I think if there's one thing I'm super proud of in my career, it's at this point, being able to talk to people a bit, listen to the music about sobriety. When people come up to you and they're like, "Dude, I love your music so much," whatever. That's whatever. I try to not pay attention to that. I take that as much as I take the bad shit. It doesn't really matter. None of that's real. Other people's admiration or illusion of what you're doing isn't real, so you can't really let that affect you. [If] you do, your art's going to suffer. Whether it's good things or bad things, I've learned to distance myself from that. But if there's one thing I really do appreciate, it's when somebody comes up to me and they're like, "Dude, I used your shit so much when I was getting sober to help deal with this shit." That makes me so stoked. Music has been such a huge part of becoming more present in my life and helping me deal with things for the first time, feeling things for the first time again after years and years of using. So I fucking... I get a mega-proud feeling from that. Or if some dude is like, "I've been trying to get sober and I heard you were dealing with it and it gave me this" whatever, that shit makes me so pumped. Because that's the real shit. Somebody could be like, "Oh you're my favorite singer, I love you," and you're like, "Yeah, that's cool." It doesn't make you feel good. There's just something so insane about... I just love it. I wonder if there's people on the other end of it, like junkies, who are like "fuck that guy, he's sober."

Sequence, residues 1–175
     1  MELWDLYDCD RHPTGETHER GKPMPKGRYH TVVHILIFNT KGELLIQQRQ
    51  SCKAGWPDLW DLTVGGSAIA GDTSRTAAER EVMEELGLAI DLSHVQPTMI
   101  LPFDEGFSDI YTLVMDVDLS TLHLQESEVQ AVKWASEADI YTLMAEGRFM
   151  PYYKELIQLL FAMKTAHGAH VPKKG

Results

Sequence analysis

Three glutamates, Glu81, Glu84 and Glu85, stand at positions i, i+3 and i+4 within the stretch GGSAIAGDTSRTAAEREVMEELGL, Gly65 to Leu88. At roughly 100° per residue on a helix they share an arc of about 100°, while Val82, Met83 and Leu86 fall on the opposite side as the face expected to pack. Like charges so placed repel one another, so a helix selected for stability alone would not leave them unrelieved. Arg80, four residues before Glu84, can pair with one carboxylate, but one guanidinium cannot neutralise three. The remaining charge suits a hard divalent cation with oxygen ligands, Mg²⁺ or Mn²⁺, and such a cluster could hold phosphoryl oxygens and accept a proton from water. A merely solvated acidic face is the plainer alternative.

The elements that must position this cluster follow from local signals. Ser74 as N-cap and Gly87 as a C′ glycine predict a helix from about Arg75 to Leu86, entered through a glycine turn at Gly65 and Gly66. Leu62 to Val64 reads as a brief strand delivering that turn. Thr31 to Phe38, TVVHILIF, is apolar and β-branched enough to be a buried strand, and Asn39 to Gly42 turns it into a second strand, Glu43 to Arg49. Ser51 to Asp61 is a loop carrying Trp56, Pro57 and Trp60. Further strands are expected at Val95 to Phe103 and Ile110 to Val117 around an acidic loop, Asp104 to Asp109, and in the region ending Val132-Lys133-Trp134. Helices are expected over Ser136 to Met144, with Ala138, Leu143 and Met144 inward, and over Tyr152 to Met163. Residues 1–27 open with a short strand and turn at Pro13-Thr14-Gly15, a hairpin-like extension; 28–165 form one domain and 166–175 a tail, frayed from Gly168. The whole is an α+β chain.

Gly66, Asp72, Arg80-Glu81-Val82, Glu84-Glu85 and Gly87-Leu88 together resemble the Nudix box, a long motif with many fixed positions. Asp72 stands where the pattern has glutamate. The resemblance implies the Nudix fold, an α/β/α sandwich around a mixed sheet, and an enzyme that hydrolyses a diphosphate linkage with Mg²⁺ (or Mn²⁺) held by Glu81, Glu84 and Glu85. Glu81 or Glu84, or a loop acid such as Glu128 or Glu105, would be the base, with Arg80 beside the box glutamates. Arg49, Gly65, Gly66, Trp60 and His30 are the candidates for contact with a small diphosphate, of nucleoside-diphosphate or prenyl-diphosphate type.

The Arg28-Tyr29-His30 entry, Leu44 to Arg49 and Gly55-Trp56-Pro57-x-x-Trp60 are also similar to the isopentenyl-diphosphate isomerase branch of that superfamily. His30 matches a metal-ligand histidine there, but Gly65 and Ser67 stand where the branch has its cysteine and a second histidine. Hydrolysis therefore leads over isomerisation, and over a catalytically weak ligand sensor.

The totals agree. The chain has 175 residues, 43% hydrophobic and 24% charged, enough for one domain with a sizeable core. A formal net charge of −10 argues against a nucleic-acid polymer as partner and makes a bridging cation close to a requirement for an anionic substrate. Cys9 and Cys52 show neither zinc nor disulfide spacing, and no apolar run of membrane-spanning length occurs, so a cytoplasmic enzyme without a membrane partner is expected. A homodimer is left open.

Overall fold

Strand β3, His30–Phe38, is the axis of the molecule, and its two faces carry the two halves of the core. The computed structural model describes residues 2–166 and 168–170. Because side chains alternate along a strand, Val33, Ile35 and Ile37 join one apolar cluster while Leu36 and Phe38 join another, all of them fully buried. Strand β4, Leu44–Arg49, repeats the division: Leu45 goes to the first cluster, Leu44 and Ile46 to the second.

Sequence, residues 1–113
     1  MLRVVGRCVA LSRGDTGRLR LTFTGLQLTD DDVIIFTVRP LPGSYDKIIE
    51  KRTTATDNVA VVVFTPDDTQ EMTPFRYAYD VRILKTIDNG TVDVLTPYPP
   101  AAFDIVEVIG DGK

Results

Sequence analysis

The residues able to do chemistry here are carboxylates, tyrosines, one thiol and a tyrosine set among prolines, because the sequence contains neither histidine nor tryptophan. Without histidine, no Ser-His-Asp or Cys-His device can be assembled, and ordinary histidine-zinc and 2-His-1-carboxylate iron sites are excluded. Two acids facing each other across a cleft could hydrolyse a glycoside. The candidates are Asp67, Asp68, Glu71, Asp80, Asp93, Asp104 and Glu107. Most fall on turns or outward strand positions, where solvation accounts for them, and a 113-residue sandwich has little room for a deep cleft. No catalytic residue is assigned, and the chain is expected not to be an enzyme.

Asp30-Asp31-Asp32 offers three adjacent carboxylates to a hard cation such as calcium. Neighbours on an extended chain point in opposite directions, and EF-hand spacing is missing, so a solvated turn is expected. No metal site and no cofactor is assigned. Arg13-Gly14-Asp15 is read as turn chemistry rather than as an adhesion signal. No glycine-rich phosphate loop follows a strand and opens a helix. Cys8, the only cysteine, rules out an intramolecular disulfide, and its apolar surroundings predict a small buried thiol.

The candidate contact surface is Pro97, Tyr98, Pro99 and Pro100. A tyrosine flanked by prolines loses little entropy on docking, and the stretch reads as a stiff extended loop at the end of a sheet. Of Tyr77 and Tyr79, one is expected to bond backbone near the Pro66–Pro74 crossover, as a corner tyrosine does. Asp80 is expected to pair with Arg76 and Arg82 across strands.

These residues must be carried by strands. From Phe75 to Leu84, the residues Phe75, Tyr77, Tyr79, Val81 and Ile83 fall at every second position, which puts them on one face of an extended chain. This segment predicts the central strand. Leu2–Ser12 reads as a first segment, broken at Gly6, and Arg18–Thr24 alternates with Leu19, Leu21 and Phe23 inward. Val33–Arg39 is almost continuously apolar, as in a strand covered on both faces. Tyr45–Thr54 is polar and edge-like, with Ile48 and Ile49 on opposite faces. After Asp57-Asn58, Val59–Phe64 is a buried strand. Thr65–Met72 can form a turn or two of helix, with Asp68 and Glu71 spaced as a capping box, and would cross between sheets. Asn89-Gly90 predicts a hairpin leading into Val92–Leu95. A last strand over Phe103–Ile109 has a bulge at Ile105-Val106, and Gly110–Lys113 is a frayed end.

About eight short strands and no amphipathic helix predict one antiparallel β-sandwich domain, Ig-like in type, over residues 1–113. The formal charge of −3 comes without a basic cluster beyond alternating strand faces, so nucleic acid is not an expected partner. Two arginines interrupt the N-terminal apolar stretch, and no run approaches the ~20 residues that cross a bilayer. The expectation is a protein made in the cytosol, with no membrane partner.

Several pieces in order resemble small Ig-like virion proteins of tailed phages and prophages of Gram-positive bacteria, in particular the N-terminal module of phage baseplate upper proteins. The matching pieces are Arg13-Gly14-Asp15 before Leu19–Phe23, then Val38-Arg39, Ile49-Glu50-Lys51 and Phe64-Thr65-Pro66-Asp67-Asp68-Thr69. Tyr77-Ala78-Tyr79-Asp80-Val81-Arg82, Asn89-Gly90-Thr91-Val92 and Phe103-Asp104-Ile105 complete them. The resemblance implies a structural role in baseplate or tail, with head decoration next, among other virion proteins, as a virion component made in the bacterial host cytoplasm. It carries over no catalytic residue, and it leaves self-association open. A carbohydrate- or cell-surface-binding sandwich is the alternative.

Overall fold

Dude, you know how many fucking people there are out there that would do anything to have that feeling of performing their art that they feel passionately about in front of people? And sharing that? And you go ahead and you do it and you waste it, you can't feel it, you're not actually there for it. It's disrespectful, in a way. And I was guilty of it for years. There's a Circa Survive live DVD that I'm on heroin the whole time. I hated it. I didn't want to put it out. The guys from Sumerian kind of convinced me that it would be good. Like, we weren't going to get this deal unless I was willing to put this DVD out. And I had it re-pressed and re-cut a hundred times, but I'm ashamed of it. I was smoking heroin until ten seconds before I went on stage.